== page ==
Optimism was the word of the day — it’s been one of Canadian Football League Commissioner Randy Ambrosie’s favourite words during his tenure at the helm of the league.
And for the first two years there was a lot to be optimistic about. What a difference a year has made.
While the CFL is doing its best to generate a level of excitement to begin what would have been the start of Grey Cup Week in Regina, there’s no question a dark cloud is still hanging over the league after failing to take to the field in 2020.
For the first time since 1919 the Grey Cup will not be awarded after the league officially cancelled the season in August.
On Monday, Ambrosie held his annual state of the league address — obviously in a very different fashion. For nearly 30 minutes the commissioner fielded vetted fan questions in a virtual Q and A.
Most notably, Ambrosie revealed planning is well underway on a 2021 schedule.
“There’s good reason to be optimistic that our players will be back on the field in 2021,” he said. “We’re going to publish a schedule very soon.”
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How the league gets back to playing next year was a question asked repeatedly by fans in several different ways. From gate revenue to the business model to global expansion and even American expansion, fans were hoping to get a sense of a concrete plan on how the CFL is going to make it back to the stadiums.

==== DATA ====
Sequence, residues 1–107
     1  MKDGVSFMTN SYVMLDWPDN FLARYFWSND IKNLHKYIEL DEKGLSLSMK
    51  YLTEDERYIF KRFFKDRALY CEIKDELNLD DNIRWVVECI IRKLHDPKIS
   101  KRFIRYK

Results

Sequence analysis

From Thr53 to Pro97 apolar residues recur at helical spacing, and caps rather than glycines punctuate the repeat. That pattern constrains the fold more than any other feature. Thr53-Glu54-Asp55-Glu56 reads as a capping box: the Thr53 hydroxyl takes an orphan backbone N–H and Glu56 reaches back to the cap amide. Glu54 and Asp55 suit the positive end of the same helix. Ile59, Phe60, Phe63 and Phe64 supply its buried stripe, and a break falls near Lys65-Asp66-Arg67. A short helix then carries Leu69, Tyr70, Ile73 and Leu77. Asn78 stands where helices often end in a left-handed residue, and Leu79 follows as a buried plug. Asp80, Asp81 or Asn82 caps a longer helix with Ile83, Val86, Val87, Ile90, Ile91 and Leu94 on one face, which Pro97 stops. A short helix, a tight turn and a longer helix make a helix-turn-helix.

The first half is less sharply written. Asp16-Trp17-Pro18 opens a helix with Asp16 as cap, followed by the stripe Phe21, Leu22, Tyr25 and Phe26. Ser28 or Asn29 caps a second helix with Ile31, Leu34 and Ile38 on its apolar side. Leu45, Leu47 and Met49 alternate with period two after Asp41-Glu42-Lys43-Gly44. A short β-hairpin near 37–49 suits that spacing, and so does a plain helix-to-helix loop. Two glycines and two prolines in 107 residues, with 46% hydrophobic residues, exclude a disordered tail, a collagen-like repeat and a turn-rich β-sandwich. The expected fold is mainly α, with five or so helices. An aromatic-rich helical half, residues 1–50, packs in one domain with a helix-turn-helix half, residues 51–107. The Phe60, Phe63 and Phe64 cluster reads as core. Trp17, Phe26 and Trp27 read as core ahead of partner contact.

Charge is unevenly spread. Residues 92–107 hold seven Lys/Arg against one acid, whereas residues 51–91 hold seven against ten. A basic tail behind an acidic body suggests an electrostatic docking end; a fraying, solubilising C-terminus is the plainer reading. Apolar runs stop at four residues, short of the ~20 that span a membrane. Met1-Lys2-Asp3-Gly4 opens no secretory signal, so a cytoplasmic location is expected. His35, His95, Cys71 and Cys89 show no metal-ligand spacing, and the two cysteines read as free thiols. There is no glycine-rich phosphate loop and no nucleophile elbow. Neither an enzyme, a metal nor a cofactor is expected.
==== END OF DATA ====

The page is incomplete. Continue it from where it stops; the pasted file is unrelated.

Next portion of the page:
Though no concrete plan was presented, Ambrosie did talk about the optimism he felt with Monday’s announcement of a second vaccine. It appears as though the CFL’s plan to return is pinned on there being a vaccine.
There’s no question this is a league that needs fans in seats and bleachers come next season to survive, something Ambrosie acknowledged.
During this same address last year from Ambrosie, the tone couldn’t have been more different.
During the celebrations in Calgary (including Tuffy the horse making a hotel lobby appearance) Ambrosie was brimming with confidence and excitement as he looked toward a bigger, bolder and brighter future of the league.
“I won’t ever apologize for thinking big for this league. I’ve always thought we’ve punched below our weight. We have to think bigger, and we will,” Ambrosie told CBC Sports just days before the 2019 Grey Cup. “It is time for some good old-fashioned CFL swagger.”
That swagger is all but gone now as the league tries to find a way back to the field in 2021.
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In a very short amount of time Ambrosie’s tune has changed, including asking for up to $150 million from the government earlier this year.
He said Monday, talks are still ongoing with the government.
During that same government committee meeting Ambrosie revealed CFL teams were collectively losing anywhere from $10 to $20 million last season.
There’s a lot of ground and money to make up for a league that one year ago was eyeing Halifax and global expansion and is now just trying to find a way to get back on the field for next season.
“We did get knocked down but like great football players we’re going to get right back up and look forward to the next play,” Ambrosie said.
“Hard at work and optimistic.”